No, it's not Weezer; it's Ozma that will play at the Pub

    It is said that imitation is the best form of flattery, but sometimes this works both ways when an up-and-coming band earns comparison to well-established artists. At times, over-comparison can kill the musical offspring, but while the members of pop/rock band Ozma may be sick and tired of hearing themselves be compared to Weezer, the parallels drawn are warranted, and in this case, those credentials are a good thing.

    Courtesy of http://ww.ozmaonline.com

    The Pasadena, Calif., band that has learned from the greats — unsurprisingly having toured with the likes of Weezer and Nada Surf (of which they sound like the perfect genetic crossing) — will be playing at the Stage on Jan. 31 as part of the A.S.-sponsored Buzz series.

    “”They’re just a perfect college band,”” said Assistant Programmer Sean Mandel-Toren, explaining that he booked Ozma after the band’s name was repeatedly suggested by UCSD students as a potential Buzz invitee, following in the footsteps of bands Sugarcult and Eek-A-Mouse during fall quarter.

    Ozma, several of whose members attend UCLA, epitomizes everything that a college band should be: sentimental yet catchy, pop yet rock, earnest yet not overly serious. Ozma seduces listeners with their foolproof formula for emotional, hook-filled anthems.

    Members of the band came together in a manner befitting their generation and credo, searching AOL member profiles as teenagers looking for others that shared their musical interests. Soon enough, Ozma had formed, and after a few early shows playing dozens of Weezer covers (surprise), the band released its own concoctions on demo CDs, and through the Internet in early 2000. After that, the pace picked up to full throttle for Ozma when Weezer listened to one of their demos and whisked the unsigned band along as openers for their arena-packed Yahoo! nationwide tour. Release of Ozma’s debut, “”Rock and Roll Part Three,”” soon came on the heels of this success, most recently followed with 2001’s double-EP release, titled “”Doubble Donkey Disc,”” half of which is composed solely of Russian-inspired songs.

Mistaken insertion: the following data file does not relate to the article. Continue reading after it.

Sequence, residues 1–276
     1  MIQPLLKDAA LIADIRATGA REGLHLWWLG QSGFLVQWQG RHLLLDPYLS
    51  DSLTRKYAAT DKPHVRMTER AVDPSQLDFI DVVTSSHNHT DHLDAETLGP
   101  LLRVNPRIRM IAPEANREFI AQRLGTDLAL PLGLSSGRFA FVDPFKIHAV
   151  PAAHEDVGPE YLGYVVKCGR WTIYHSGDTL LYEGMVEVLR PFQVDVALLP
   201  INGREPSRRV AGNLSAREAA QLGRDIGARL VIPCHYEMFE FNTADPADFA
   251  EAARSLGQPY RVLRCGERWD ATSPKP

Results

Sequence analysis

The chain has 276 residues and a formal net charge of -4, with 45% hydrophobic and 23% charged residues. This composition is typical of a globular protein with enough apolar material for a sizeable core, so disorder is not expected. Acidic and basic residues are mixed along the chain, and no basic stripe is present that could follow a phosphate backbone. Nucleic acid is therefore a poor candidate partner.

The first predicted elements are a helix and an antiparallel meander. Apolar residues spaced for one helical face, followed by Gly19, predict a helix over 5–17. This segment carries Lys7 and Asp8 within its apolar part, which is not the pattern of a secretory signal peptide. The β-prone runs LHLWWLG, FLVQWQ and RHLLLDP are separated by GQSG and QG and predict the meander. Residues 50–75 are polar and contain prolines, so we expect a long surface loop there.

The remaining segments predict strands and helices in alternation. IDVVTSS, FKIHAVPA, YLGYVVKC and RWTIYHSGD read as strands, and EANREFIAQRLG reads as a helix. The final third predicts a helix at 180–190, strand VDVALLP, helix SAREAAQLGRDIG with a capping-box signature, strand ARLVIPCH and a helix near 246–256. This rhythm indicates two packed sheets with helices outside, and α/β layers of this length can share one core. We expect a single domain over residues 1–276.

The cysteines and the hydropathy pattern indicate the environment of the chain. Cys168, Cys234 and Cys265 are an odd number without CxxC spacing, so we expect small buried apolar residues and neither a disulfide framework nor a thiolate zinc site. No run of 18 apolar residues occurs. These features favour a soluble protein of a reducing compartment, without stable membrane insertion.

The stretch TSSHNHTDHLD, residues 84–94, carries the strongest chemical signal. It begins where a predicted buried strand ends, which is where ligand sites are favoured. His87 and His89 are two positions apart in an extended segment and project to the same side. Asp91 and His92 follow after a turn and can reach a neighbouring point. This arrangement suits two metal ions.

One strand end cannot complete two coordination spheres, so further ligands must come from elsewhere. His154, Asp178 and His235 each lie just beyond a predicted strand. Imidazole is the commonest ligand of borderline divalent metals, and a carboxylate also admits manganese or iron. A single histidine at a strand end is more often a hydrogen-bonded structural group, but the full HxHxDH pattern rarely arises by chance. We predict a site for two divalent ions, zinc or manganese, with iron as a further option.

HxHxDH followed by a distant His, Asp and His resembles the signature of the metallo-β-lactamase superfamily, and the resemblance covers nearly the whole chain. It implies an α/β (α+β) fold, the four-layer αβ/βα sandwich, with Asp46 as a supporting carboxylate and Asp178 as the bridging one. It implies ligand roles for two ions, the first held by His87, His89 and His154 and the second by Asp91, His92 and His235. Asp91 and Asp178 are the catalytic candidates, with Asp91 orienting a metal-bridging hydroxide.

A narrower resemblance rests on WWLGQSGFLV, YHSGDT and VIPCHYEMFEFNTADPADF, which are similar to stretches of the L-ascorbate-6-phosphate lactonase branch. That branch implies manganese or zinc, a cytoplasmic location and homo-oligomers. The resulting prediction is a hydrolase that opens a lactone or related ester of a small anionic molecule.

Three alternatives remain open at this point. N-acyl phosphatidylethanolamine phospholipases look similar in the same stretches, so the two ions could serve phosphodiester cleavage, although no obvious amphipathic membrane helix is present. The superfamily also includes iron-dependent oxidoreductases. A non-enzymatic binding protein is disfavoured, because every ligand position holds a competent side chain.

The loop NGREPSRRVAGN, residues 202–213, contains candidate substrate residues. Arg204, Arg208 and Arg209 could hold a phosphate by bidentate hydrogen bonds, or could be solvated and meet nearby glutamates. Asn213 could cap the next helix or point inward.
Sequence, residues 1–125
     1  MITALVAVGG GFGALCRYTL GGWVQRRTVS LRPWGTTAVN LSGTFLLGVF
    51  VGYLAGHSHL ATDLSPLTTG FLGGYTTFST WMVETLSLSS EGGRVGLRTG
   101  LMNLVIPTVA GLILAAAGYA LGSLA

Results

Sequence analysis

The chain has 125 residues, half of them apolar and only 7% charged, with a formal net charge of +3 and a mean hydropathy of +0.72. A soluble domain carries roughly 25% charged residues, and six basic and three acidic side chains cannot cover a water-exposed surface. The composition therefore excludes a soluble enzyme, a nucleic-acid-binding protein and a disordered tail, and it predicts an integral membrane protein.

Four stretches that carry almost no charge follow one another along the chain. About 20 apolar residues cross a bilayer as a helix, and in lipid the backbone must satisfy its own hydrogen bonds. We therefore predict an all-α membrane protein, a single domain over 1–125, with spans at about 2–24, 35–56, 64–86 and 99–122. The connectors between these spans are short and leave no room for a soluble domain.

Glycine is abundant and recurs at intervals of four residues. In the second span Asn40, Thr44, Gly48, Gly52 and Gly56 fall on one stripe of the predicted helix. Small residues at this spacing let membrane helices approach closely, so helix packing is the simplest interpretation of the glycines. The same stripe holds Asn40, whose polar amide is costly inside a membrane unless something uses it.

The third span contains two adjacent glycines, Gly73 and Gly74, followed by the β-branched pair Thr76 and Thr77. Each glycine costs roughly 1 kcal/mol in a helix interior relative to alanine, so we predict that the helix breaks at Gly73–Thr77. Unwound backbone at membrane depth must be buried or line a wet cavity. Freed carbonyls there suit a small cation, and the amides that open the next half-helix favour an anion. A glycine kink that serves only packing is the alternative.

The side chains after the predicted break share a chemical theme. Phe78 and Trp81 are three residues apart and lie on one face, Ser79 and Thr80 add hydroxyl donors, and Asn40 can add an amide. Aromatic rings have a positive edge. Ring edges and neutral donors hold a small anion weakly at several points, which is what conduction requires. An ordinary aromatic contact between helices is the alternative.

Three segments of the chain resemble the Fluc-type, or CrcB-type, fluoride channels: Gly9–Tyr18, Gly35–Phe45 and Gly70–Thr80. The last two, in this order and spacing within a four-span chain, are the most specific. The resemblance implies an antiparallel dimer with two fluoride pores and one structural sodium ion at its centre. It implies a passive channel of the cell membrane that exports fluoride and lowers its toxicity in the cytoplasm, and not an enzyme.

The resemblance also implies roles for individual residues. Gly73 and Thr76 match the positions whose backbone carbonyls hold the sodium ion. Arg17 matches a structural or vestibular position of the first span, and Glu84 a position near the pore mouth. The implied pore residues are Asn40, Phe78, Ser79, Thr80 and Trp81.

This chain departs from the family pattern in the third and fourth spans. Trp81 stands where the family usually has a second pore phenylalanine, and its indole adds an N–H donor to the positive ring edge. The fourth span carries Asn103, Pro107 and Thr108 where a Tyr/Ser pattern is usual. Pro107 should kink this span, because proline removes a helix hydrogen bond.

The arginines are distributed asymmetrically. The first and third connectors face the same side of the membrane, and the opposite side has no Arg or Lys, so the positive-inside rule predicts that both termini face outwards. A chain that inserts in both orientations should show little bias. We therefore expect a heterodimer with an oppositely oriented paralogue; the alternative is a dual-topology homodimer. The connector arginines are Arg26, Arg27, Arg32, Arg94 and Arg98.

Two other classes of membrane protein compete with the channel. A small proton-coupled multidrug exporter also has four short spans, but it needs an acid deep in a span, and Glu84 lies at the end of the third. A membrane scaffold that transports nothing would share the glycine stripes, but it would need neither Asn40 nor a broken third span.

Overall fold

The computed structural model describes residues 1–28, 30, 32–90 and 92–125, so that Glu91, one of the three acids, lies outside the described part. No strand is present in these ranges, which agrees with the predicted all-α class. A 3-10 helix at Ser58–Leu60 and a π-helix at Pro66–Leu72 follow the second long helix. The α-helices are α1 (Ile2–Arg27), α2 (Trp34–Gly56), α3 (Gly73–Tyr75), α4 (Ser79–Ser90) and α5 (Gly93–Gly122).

What sets Ozma somewhat apart from Weezer and cohorts are the band’s dynamics and the lyrical content of the songs.

    Ozma uses three vocalists (Daniel Brummel, Jose Galvez and Ryen Slegr), and one very talented keyboardist (Star Wick), who adds nicely to the layered sound walls of the guitarists, all combining together to weave in and out of soft melodies to hard-hitting hooks and back again. The lyrics, with forced rhymes touchingly adding to the band’s sense of earnestness, explore recurrent themes of lost first loves and wonderments of their past youth (and since this is a college-aged bunch, we’re talking from high school back down all the way to elementary school here). These themes are not earth-shattering in their originality, perhaps, but with such idealistic and passionately sung lines as, “”Every night I see a shooting star/I’m wondering if it’s landing where you are/if you can see then you can’t be far,”” or, “”an apple tree/a family tree/Will plant us together/and the roots will hold forever and forever,”” listeners are left feeling convinced that a little emotion can indeed go a long way. After all, this is a band who devoted an entire song to actress Natalie Portman, daydreaming about whether or not she feels lonely and speculating, “”If I’m a proper Jewish boy, will her family love me?””

    Other song themes range from recollections of moving the Ouija board pointer in the ninth grade to thinking about the distance between loved ones while sitting through an airplane flight. While all the songs are introspective and emotionally bare, the musical pace fluctuates wildly. One moment soft, the other pounding down with electric guitars, Ozma’s soundscapes manage to blend the incredible catchiness of pop-powered garage band approaches to the emotional drawn-out epic style in the grand tradition of Weezer’s “”Only In Dreams,”” off of their self-titled debut album. Songs of this length are incredibly risky for a pop-driven band, yet Ozma pulls it off in style thanks to a balance between engaging lyrics and well-crafted, layered harmonies.

    Since Ozma managed to land a spot opening for Weezer based solely on the quality of their live sets, it should be safe to listen to Ozma’s fans who say that the band turns out a great show. The show is 18 and over, and doors open at 7 p.m. on Jan. 31 at the Stage. Tickets are $5 for students and $7 for general admission.

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